PhD Student Served as Obermann Center Public Scholar

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Tuesday, November 12, 2019

For eight weeks this summer, SJMC doctoral student Michael Davis served as an Obermann Center Public Scholar with the university’s performing arts venue, Hancher, through the Humanities for the Public Good initiative, which was funded through an Andrew W. Mellon Foundation grant.

Michael Davis

As member of Hancher’s Public Engagement team, Davis was tasked with helping support and create audience development initiatives, especially for University of Iowa students. For example, Davis worked with the public engagement team to develop partnerships and collaborations with First-Year Seminar and College Transition courses, both of which help new students acclimate to UI academic and social life.

“It was an absolute pleasure working with Hancher leadership and staff to help foster relationships between academic departments on campus and Hancher’s vibrant arts community,” Davis said. “I strongly believe in and support Hancher’s mission to create meaningful conversations surrounding artistic experiences for the university community.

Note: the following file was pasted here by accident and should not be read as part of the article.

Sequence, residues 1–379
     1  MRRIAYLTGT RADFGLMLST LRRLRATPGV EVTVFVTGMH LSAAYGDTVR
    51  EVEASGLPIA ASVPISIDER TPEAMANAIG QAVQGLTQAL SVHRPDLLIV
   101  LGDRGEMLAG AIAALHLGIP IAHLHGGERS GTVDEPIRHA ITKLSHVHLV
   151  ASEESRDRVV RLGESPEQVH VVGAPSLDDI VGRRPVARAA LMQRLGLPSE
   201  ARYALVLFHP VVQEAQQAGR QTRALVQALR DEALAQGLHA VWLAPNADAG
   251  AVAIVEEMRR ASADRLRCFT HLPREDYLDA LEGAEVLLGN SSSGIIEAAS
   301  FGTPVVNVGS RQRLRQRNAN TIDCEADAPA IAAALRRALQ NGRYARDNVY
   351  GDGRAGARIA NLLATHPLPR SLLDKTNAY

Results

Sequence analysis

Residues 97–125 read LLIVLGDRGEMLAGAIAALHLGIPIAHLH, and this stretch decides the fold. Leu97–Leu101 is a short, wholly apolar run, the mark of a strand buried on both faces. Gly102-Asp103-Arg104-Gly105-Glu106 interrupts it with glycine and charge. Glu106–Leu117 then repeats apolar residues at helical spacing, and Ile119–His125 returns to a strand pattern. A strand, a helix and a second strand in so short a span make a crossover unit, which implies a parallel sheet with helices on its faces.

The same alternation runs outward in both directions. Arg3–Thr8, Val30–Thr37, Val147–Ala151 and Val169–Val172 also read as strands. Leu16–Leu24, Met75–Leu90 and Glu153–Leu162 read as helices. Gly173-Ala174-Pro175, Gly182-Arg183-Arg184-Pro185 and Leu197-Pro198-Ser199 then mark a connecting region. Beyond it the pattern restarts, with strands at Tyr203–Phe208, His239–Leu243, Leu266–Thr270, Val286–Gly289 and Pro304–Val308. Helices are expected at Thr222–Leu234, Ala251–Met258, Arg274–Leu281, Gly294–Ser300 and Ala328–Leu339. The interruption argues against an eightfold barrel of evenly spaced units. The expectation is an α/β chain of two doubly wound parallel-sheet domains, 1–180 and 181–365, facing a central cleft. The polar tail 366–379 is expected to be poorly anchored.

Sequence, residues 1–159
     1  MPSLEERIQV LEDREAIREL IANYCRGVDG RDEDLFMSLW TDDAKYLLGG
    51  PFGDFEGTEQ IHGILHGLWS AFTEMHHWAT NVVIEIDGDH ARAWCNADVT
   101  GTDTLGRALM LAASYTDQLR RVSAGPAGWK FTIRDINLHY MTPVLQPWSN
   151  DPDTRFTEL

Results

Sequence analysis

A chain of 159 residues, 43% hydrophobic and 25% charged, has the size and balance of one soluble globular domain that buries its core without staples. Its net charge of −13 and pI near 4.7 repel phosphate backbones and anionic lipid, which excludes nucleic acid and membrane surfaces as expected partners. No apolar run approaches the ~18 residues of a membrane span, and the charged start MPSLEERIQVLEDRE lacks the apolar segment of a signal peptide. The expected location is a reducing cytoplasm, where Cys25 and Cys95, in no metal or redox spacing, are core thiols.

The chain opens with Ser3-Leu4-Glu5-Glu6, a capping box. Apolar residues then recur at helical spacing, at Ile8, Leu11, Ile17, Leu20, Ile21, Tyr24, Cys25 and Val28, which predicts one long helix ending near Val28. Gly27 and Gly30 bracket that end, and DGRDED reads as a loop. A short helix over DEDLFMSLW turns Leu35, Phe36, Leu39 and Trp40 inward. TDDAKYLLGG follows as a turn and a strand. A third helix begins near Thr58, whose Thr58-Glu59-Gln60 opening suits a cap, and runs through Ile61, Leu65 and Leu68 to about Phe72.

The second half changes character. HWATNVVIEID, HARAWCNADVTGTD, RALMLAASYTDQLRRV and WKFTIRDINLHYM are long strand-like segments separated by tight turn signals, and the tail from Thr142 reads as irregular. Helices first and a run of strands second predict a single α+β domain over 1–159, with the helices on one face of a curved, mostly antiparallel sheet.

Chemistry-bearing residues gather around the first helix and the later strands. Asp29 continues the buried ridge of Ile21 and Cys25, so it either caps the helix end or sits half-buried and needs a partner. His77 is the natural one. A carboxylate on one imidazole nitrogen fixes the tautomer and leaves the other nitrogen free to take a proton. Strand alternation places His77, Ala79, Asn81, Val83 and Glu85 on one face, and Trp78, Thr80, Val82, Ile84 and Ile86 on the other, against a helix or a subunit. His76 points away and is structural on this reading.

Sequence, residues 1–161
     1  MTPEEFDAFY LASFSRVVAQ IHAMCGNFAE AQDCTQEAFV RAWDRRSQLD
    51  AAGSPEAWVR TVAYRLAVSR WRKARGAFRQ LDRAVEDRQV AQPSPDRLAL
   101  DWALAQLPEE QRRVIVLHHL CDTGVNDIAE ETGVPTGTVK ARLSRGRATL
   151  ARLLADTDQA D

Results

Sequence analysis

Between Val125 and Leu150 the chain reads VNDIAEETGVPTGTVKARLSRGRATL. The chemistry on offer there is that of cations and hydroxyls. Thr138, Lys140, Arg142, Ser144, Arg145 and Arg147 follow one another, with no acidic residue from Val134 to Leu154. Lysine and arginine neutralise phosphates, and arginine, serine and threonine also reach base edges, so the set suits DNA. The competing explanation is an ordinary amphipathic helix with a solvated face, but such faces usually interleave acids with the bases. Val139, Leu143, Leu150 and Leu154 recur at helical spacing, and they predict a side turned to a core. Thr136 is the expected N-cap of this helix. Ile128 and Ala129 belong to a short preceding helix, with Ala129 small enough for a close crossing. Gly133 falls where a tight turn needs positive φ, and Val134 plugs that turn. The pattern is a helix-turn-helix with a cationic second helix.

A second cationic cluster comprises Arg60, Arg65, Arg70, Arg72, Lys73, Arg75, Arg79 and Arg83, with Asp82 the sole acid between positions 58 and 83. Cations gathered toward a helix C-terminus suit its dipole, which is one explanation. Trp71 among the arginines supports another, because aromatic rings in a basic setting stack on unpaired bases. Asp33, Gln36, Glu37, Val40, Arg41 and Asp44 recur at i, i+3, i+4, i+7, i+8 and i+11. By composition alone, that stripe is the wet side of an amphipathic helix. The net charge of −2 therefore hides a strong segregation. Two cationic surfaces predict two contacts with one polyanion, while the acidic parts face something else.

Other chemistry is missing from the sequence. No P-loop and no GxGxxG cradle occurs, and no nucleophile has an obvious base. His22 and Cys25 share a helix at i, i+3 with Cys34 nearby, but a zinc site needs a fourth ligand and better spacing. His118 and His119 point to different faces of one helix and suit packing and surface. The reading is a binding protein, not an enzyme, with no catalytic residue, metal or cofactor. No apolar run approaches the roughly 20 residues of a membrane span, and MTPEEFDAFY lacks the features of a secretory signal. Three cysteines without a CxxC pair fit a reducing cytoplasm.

In addition, he helped plan “Hancher is for Hawkeyes,” a Aug. 29th Hancher open house. The event’s goal is to make students feel connected and welcome at their performing arts venue, encouraging them to make Hancher a significant part of their time while attending the University of Iowa.


“Learning doesn’t just happen in the classroom. It happens in every corner of this university, and Hancher is trying its best to create programming and outreach that will enhance the liberal arts education students receive here,” he said.

As a scholar, Davis studies nonprofit policy and action through examining media discourse. This internship was a welcome experience for him as preparation for his future dissertation work. He intends to conduct field research at a national nonprofit, examining how its messages and actions get reported on by the media.  

For more information on Davis’ work over the summer, visit the Humanities for the Public Good blog, at